New drug helping some children with Duchenne muscular dystrophy - ABC 12 – WJRT – Flint, MI

New drug helping some children with Duchenne muscular dystrophy

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(05/27/14) - It's hard to imagine the pain this mother must feel.

It's a dramatic story of a drug for one of her son's, and hope dangled before the other.

One uses the stairs, the other a ramp - both have the same disease - Duchenne muscular dystrophy, affecting mostly boys, and usually killing them before their 21st birthday.    

While 12-year-old Max is getting what some are calling a miracle drug, his 15-year-old brother, Austin, is not allowed to take the drug.  

"This is actually completely ludicrous," said Jenn Mcnary, Austin and Max's mother. "I know that my son will die if he doesn't get it."   

What Austin can't get is a drug called eteplirsen. He wasn't eligible for the drug trial because he was already in a wheelchair, which is where all Duchenne md patients end up. He has been in the chair since he was 10 and a half.

His brother was headed to the chair, too. Young Max was already using a walker, a cane, occasionally a wheelchair, but Max could walk six minutes on his own - that was the test. So he got into the drug trial three years ago. After weekly infusions of the drug, his disease progression was halted - and even reversed.

Max was walking better, running faster. getting stronger. His brother - weaker, watches from his wheelchair.    

"It is hard because it is there and I can use it but I'm not able to and Max is on it and he's getting better," Austin said.

"Some boys are running, some boys are now playing sports," said Christine Mcsherry, CEO Jett Foundation.

Mcsherry says never before in the history of this devastating disease has a drug performed so well - ending the inevitable.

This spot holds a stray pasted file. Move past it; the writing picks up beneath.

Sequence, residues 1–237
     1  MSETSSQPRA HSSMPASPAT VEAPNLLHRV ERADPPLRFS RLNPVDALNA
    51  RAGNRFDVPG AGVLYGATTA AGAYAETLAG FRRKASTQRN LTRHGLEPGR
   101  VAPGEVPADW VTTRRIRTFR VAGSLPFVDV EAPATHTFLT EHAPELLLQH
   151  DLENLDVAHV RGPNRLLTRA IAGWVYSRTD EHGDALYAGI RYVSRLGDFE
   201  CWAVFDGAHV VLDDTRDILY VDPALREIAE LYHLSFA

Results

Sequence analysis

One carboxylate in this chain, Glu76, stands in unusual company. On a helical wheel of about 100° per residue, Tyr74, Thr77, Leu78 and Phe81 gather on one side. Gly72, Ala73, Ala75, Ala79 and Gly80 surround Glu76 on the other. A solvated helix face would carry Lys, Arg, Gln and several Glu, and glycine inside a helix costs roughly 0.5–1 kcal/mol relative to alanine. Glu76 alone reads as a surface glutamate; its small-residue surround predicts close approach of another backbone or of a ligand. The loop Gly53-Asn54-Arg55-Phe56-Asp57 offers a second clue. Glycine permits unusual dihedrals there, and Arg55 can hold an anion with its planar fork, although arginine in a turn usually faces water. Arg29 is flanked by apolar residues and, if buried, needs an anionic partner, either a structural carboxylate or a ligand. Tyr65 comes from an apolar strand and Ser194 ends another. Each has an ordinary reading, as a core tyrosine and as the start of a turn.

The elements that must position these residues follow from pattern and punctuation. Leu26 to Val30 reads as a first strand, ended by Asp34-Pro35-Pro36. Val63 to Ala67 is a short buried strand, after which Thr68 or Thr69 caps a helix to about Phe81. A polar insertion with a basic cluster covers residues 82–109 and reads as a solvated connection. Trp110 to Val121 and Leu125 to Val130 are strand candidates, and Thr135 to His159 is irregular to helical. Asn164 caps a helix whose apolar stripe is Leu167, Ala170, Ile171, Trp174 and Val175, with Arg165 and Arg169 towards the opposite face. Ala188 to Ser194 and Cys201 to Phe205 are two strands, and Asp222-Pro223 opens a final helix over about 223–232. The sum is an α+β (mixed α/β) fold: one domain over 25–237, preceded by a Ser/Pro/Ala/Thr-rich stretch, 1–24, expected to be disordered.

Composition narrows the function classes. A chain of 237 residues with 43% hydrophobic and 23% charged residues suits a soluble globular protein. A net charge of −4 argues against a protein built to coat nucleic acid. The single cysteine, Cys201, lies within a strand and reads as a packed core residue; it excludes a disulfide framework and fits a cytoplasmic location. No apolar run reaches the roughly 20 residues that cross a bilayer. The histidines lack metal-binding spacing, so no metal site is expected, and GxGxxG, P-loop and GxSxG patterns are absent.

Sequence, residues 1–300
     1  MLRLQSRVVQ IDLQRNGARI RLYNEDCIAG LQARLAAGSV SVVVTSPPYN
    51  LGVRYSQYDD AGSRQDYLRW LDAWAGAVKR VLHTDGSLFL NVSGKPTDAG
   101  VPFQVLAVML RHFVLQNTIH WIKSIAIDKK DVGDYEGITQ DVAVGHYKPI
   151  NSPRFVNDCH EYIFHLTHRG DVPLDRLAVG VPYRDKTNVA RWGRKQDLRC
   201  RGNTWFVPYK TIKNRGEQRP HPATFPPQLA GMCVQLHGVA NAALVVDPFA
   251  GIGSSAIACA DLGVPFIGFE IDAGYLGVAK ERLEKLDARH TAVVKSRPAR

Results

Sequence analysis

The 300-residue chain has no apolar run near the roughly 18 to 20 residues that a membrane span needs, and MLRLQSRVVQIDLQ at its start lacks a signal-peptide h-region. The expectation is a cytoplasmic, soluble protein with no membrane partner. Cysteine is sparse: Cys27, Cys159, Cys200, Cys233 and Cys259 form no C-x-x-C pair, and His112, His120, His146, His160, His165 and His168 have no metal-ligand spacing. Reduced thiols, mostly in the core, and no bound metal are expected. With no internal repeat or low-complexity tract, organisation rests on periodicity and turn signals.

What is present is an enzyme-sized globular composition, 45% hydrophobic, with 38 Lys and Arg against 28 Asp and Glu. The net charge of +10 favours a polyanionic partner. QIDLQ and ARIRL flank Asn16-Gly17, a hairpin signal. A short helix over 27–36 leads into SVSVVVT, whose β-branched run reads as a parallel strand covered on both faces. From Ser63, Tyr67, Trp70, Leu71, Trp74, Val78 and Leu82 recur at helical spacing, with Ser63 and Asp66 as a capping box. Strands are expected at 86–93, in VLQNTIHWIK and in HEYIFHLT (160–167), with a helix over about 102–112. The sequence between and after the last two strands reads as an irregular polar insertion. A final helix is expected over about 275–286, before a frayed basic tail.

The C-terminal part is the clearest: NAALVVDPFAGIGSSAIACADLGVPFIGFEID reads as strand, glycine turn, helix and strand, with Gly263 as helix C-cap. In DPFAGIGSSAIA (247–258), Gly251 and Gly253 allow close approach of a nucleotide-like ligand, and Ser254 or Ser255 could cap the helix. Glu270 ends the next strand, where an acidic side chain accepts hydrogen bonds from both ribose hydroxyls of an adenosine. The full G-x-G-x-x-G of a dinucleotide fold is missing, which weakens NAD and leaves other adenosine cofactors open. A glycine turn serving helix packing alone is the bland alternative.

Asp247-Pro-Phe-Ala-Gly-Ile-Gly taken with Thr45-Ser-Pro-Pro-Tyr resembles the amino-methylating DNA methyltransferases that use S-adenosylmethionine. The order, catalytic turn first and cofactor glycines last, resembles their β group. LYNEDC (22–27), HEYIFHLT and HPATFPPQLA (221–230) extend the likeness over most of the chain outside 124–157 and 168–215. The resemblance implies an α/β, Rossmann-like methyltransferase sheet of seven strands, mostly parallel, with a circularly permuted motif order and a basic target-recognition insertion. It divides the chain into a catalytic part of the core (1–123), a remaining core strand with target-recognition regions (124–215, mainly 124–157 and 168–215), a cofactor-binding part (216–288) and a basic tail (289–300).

"Once those boys decline, they continue to decline, they go into a power chair, and then their respiratory status will start to decline as well," she said.

She knows - her 18-year-old son, Jett, is at that point.

Walking may be out, but boys in the trial are showing improved pulmonary function. She is certain getting Jett the drug now would save him.    

"There is either this for Jett, there is nothing else that is going to come down the pipeline fast enough to save his life, this is it," she said.

The FDA wants more study data, more information - more proof. Austin and Jett would need to take eteplirsen for six months at least to get it into their system, to begin making the dystrophin protein Duchenne patients lack.

At 15, Austin says he is not afraid to die, which could happen while waiting on the FDA to make a move.  

"Give my brother the drug now," Max said.

A desperate wait for these mothers, this brother, and this boy - and the medicine they need to live.

Members of the Duchenne alliance have been pushing hard for immediate approval of the drug from the FDA.

They collected more than 100,000 signatures so the White House would look into the issue now before another boy dies.
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